US amid deadliest bird flu outbreak in history, driving up costs for turkey, eggs and more

AVIAN FLU
FILE PHOTO: Cage-free chickens are shown inside a facility at Hilliker’s Ranch Fresh Eggs in Lakeside. April 19, 2022. Picture taken April 19, 2022. REUTERS/Mike Blake/File Photo

Bird flu has killed 50.54 million birds in the US this year, making it the deadliest outbreak in the country’s history, Agriculture Department data showed Thursday.

The death of chickens, turkeys and other birds represents the worst animal health disaster in the US to date, surpassing the previous record of 50.5 million birds that died in a bird flu outbreak in 2015.

Birds often die after becoming infected. Entire flocks, which can exceed a million birds in laying hen farms, are also culled to control the spread of the disease after one bird tests positive.

Poultry losses sent prices for turkey eggs and meat to record highs, worsening the economic pain for consumers facing red-hot inflation and making Thursday’s Thanksgiving celebrations more expensive in The USA.

Europe and Britain are also experiencing their worst bird flu crises, with some British supermarkets rationing customers’ egg purchases after the outbreak disrupted supplies.

The US outbreak, which began in February, has infected flocks of poultry and other birds in 46 states, USDA data shows. Wild birds such as ducks transmit the virus, known as highly pathogenic avian influenza (HPAI), through their feces, feathers, or direct contact with poultry.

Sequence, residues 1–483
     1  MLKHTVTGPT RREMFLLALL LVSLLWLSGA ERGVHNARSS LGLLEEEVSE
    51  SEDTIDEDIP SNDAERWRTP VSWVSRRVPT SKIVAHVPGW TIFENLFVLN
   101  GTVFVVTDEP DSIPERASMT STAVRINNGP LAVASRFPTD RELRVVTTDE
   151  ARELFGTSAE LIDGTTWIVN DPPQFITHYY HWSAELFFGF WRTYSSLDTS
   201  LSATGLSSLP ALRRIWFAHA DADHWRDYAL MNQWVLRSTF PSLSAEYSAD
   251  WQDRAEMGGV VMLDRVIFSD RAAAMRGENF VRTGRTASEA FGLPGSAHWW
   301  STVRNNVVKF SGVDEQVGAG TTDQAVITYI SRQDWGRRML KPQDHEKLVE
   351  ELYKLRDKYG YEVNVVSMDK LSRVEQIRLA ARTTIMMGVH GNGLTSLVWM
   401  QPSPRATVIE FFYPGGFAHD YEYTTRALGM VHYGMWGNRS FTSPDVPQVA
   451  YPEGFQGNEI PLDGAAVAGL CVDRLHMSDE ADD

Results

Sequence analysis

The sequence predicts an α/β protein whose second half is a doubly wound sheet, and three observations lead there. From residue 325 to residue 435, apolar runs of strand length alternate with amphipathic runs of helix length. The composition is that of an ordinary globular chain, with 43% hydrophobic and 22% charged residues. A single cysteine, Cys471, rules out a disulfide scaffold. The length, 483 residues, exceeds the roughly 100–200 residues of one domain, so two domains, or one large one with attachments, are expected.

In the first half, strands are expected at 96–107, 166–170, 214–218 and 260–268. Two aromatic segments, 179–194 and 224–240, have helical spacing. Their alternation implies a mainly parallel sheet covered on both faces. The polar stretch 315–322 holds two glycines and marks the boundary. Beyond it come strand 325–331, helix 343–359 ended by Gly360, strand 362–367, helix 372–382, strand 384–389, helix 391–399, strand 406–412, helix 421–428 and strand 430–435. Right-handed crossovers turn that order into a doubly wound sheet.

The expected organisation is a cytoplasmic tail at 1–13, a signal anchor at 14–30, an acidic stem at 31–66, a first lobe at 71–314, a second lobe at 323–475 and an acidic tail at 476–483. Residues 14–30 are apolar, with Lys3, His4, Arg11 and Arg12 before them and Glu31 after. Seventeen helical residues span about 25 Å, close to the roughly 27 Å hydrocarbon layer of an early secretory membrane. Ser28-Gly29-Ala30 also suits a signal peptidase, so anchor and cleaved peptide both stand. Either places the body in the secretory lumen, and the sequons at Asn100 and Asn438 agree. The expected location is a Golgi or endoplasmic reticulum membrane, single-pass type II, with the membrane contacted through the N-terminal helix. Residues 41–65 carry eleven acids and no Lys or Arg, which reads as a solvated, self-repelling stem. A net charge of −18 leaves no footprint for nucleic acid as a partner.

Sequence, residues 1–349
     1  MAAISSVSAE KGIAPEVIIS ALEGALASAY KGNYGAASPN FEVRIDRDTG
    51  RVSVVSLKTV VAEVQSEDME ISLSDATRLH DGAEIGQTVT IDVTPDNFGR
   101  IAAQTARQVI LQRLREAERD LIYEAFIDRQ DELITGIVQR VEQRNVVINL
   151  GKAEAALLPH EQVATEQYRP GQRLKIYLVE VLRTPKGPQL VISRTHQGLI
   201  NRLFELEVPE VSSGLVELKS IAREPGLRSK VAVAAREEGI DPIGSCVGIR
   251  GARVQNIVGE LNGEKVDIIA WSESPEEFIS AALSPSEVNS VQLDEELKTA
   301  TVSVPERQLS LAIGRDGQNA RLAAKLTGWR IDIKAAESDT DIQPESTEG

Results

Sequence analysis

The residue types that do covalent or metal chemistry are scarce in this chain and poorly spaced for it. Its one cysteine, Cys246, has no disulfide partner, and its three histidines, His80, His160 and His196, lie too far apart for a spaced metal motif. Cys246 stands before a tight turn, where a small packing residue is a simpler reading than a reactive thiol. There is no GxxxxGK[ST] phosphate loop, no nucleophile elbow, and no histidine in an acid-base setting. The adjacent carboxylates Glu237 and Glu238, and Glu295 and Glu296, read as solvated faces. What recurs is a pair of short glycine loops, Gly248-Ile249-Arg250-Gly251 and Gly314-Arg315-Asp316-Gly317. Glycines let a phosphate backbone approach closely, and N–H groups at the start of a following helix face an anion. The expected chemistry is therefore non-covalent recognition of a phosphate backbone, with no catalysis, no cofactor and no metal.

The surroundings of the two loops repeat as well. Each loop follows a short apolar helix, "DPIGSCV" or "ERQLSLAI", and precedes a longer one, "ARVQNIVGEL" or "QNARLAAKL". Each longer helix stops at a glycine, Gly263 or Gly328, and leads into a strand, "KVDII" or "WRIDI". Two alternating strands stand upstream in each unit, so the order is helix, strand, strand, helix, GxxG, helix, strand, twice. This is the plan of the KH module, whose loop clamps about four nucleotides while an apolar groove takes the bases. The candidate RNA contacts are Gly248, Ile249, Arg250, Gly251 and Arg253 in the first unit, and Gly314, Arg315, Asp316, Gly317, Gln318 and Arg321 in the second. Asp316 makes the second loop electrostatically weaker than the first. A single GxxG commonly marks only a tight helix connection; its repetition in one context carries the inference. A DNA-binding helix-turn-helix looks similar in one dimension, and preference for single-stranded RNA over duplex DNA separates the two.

“Wild birds continue to spread HPAI across the country as they migrate, so avoiding contact between domestic flocks and wild birds is critical to protecting America’s poultry,” said Rosemary Sifford, USDA’s chief veterinary officer. .

Farmers fought to keep the disease and wild birds out of their barns after increasing safety and cleaning measures after the 2015 outbreak. In 2015, about 30% of cases were traced directly to the source of wild birds, compared to 85% this year, the USDA said. Reuters.

Government officials are studying infections on turkey farms, in particular, in the hope of developing new recommendations to prevent infections. Turkey farms account for more than 70% of commercial poultry farms infected in the outbreak, the USDA said.

People should avoid unprotected contact with birds that appear sick or have died, although the outbreak poses a low risk to the general public, the US Centers for Disease Control and Prevention said.

(Reporting by Tom Polansek; Editing by Jonathan Oatis and Sandra Maler)

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